British Columbians of a certain age may remember beehive burners. Most towns in B.C. with a sawmill had one. In the late 1990s, the B.C. government began phasing them out, and in their wake a wood pellet industry began to grow to deal with sawmill waste. It seemed like a win-win situation for the environment and forest industry – one that reduced air pollution, addressed the sawmill waste problem and provided a renewable, carbon-neutral energy source that was starting to displace coal. As countries like Japan and the U.K. began displacing coal in thermal power plants with biomass, a market for wood pellets began to grow. About 60 per cent of Europe’s renewable energy is bioenergy, mostly wood biomass. But as the demand for wood pellets has grown over the last two decades, so too have concerns about the wood pellet industry and its impact on forests.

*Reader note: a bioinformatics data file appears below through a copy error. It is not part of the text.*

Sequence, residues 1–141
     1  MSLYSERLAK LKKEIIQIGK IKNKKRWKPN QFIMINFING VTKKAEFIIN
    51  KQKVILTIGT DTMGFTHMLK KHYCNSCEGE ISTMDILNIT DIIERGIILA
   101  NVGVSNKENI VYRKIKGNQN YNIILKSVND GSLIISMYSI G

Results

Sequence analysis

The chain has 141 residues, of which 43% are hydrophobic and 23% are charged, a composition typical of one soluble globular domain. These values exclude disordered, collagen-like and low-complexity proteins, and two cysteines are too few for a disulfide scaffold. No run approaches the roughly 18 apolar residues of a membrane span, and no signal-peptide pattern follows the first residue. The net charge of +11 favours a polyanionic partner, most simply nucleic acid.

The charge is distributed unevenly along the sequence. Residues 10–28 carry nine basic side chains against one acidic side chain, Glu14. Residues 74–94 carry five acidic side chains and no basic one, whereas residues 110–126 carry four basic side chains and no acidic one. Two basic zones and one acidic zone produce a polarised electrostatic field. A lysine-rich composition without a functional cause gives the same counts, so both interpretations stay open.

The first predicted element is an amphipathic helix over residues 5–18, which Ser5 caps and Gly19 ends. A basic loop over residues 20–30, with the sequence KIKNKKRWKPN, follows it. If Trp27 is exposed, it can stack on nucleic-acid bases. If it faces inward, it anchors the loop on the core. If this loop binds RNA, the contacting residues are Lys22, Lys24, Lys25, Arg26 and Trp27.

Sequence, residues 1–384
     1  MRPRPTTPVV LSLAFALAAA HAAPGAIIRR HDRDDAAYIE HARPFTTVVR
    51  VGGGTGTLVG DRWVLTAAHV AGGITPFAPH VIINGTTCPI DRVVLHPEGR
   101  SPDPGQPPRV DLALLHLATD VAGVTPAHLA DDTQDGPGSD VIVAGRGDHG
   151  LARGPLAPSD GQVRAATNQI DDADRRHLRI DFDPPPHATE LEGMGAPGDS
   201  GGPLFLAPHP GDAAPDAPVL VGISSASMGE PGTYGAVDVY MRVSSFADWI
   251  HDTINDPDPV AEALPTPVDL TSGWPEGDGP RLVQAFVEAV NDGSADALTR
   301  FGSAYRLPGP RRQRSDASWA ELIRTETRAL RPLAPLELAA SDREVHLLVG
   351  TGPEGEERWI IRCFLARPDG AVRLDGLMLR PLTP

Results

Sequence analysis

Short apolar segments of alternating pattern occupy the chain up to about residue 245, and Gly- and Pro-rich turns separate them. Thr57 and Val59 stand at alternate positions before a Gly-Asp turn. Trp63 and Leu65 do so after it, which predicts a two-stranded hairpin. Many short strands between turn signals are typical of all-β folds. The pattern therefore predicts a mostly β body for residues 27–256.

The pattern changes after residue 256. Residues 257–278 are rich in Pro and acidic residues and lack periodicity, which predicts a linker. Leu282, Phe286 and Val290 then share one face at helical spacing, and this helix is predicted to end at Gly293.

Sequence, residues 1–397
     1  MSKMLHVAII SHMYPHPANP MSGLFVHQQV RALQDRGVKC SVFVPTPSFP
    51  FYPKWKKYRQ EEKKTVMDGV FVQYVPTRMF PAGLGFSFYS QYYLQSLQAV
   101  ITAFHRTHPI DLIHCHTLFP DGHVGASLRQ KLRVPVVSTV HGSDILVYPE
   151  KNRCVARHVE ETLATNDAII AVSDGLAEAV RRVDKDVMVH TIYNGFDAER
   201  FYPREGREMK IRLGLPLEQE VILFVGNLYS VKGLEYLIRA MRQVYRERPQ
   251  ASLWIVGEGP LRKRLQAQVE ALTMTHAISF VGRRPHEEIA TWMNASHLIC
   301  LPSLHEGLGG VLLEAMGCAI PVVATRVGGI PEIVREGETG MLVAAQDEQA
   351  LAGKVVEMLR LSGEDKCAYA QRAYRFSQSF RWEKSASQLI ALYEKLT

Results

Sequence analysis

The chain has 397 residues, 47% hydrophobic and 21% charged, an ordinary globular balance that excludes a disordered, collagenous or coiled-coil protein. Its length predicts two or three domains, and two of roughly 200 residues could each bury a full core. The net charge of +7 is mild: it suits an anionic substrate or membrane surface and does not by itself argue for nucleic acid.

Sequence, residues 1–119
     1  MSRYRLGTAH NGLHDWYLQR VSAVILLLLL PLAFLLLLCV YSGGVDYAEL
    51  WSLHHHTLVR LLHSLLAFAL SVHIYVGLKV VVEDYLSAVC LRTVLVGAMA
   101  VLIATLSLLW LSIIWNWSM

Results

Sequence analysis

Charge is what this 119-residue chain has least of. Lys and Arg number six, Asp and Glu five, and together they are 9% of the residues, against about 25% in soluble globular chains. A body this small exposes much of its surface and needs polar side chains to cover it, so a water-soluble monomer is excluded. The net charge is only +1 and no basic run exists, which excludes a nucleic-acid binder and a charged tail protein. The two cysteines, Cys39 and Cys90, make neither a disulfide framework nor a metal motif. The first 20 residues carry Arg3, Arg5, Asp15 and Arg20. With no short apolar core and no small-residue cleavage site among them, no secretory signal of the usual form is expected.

Environmental groups like Stand.earth and the Natural Resources Defense Council in the U.S. have been stepping up campaigns against the industry, questioning the climate calculus that deems biomass to be carbon neutral. Forests are important carbon sinks, after all. If living trees are cut down to produce energy, the carbon neutrality of biomass may be called into question. That’s especially true if more trees are harvested than regrown. Currently, most of the inputs used in B.C. pellet mills come from sawmills and harvest residuals such as slash, which is typically burned anyway. On average, about 80 per cent of the inputs in Drax’s seven wood pellet mills in B.C. is sawmill waste, Drax’s Joe Aquino said. About 20 per cent is harvest residuals – branches, treetops and low-value logs that sawmills don’t want. …Drax insists that it is not harvesting trees in Canada to make wood pellets and that doing so would make no economic sense. Trees are valuable, after all, and wood pellets are at the bottom of the forestry value chain.